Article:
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Farhat Hussain holds a silver dirham coin, left, from 770AD found in Scandinavia and a gold dinar coin from 920AD found in Russia. Both were produced in Baghdad.
Philip Cheung Staff
Farhat Hussain holds a silver dirham coin, left, from 770AD found in Scandinavia and a gold dinar coin from 920AD found in Russia. Both were produced in Baghdad.

Focus:Vikings came in search of dirhams

New research reveals an intricate trade relationship that existed between Norsemen and the Islamic world.

For much of Europe, the Vikings were terrifying warriors bent on nothing but rape and pillage as they stormed ashore from their longships. Now new research reveals that the Norsemen were also familiar faces in the Islamic world, but as peaceful merchants and traders prepared to travel thousands of miles from the snow and ice of Scandinavia to the searing heat of Baghdad and beyond. According to the historian Farhat Hussain, the Vikings were drawn to the region, like so many others past and present, by the lure of the dirham. In a new book to be published later this year, Dr Hussain contends that this previously little known trade relationship was based on the silver used to make the dirham, the currency which emerged in the Islamic world in the 7th century.

"The Vikings were very interested in silver, not so much in gold," he said. "It was a status symbol for Viking men and women, they even wanted to be buried with silver." According to Dr Hussain, silver in Europe at the time was scarce and of poor quality, in contrast with the Islamic world where silver coins were the foundation of the currency. "These were the US dollars of the day, and they were all over the place."

The two worlds were very different. The Vikings were at the height of their power and influence between the late 8th and early 11th centuries. There is evidence of their travels as far from their homeland as Constantinople and the Volga River in Russia to the East, and Iceland, Greenland and Newfoundland to the West. At the same time Islam was entering its golden age, with a renaissance of unprecedented intellectual and economic heights that would eventually reach from China to what is now modern-day Spain.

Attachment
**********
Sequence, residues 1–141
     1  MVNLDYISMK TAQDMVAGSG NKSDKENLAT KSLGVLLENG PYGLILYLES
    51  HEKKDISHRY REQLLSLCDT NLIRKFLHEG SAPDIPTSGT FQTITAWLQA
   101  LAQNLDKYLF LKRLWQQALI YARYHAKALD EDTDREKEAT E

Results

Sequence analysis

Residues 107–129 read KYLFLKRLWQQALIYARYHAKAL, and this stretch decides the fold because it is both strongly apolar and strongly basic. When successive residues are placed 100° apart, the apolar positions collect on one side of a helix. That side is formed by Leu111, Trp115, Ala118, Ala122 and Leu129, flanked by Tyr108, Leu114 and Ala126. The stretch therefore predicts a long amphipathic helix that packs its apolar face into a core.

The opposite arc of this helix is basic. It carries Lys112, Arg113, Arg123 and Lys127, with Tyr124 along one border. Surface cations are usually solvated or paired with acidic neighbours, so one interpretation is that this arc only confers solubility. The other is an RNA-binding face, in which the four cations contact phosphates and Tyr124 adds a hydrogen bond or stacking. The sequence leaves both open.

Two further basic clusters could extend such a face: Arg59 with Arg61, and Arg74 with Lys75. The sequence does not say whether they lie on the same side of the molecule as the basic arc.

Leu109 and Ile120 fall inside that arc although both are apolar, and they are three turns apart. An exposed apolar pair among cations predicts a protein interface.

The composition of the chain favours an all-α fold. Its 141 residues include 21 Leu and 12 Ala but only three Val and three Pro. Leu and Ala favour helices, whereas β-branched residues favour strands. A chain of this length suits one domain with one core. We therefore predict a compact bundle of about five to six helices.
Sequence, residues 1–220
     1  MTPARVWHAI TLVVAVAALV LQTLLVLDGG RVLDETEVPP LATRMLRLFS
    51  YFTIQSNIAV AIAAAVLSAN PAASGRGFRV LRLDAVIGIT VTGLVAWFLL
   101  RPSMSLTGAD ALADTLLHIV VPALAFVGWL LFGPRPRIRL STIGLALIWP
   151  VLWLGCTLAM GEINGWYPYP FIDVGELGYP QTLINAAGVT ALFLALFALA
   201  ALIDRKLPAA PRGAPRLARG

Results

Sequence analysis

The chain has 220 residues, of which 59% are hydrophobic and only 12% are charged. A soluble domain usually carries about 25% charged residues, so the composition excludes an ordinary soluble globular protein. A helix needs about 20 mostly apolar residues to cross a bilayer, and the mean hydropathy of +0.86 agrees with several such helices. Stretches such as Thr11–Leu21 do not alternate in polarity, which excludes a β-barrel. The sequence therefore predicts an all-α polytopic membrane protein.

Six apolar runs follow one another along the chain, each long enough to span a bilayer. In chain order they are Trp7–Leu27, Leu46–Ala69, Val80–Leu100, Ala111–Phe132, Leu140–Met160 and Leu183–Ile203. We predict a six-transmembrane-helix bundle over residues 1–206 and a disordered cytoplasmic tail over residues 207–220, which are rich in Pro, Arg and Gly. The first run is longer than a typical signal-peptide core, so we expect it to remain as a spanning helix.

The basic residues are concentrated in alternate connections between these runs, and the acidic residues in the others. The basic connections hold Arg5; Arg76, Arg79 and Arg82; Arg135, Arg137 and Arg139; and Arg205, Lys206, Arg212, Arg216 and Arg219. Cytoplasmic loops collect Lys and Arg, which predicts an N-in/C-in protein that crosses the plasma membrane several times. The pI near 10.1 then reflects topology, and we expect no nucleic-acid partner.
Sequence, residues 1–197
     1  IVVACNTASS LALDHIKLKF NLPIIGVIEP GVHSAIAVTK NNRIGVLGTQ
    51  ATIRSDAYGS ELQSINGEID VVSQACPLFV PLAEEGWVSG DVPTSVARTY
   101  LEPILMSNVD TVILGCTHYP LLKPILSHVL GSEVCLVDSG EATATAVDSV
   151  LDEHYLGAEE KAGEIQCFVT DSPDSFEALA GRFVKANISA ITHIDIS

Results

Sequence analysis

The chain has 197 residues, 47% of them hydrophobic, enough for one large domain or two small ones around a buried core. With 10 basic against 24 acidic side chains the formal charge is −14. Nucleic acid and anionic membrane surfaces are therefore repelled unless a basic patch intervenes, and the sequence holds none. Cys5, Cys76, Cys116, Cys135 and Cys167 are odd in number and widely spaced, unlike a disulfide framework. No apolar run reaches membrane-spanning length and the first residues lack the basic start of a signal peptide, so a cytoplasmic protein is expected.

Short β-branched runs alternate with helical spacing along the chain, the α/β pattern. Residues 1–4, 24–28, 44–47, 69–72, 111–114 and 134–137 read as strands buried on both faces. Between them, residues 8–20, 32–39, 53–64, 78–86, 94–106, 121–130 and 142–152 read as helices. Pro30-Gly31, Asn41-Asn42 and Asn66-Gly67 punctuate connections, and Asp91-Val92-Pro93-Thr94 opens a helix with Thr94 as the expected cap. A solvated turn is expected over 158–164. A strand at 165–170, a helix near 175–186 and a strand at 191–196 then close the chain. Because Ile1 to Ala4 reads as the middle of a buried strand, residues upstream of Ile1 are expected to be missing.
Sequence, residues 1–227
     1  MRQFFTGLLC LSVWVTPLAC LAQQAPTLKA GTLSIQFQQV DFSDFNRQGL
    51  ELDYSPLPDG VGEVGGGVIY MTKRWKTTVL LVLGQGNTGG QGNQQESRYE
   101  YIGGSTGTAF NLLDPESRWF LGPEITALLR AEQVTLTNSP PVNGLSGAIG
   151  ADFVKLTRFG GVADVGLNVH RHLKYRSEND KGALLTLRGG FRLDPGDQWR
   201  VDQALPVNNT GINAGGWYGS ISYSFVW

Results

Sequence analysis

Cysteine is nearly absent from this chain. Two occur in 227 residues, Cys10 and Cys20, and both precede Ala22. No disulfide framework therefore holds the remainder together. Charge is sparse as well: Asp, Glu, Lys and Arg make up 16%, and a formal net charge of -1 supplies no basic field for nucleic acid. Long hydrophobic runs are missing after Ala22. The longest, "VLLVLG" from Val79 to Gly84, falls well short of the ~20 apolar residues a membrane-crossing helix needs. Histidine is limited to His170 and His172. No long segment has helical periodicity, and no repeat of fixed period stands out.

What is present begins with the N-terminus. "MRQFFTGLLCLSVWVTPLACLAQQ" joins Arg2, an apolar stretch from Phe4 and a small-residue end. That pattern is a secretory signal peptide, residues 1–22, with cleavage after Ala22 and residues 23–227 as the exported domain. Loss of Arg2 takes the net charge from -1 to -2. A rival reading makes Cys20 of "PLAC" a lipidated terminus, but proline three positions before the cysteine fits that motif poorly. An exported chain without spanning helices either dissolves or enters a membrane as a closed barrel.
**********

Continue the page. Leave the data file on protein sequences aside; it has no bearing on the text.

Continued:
When the two cultures first met, it was in battle. The first Viking expeditions to the Islamic sphere of influence were pillaging raids. But the Norse raiders found they were no match for the organised and disciplined armies of the Caliphs who ruled al Andalus, the region of the Iberian Peninsula that included the cities of Granada, Cordoba and Seville. Other expeditions pushed overland through what is now Russia, to meet the same fate on the border with the Caspian Sea.

"When the Vikings went to Spain, they got to Seville," said Dr Hussain. "The Emir knew they were there and didn't let them leave, and they eventually got killed. They came back 40 years later and still got killed. On the Caspian Sea they were all wiped out. "There is no point raiding for silver when you don't come back home at all, so they decided on trade relations with the Muslim world." When they put aside their helmets and battle-axes, the Vikings turned to honey and fur as goods they could trade for the coveted silver. Soon they established trade routes with the Islamic world, with the Baghdad-based Abbasids as well as the Andalusians ready to pay in silver.

It wasn't long before the Vikings became involved in another, highly lucrative business: the slave trade. Dr Hussain says that the slave trade operated between the Vikings and the Islamic world was less brutal than the trans-Atlantic "middle passage" that would later see the mass abduction of millions of Africans. "Some of these people were later turned into servants and paid-for labour," said Dr Hussain. "Some even became high officials, so it's hardly the same thing. But slavery is slavery and it shouldn't have happened.

"Nonetheless, some of the Viking activities, their raids, were undertaken in order to have people available to sell in the East. The Vikings wanted dirhams from Al Andalus and Baghdad. Some of the people captured by the Vikings were taken to Scandinavia as slaves and some were sold on to Russia, then on to Baghdad." At the time, the Islamic world was demanding slaves for a wide range of roles, including servitude, concubinage and soldiering. The Abbasids created the Mamluks - from the Arabic for "owned"; a disciplined force of former slaves upon which the Caliph could rely to defend the land. The Caliphs purchased thousands of boys who were captured in battle from Central Asia, where the Turkic tribes had a reputation for military discipline. Many were also taken by Viking raiding parties in central Europe, this time travelling overland rather than in their longboats.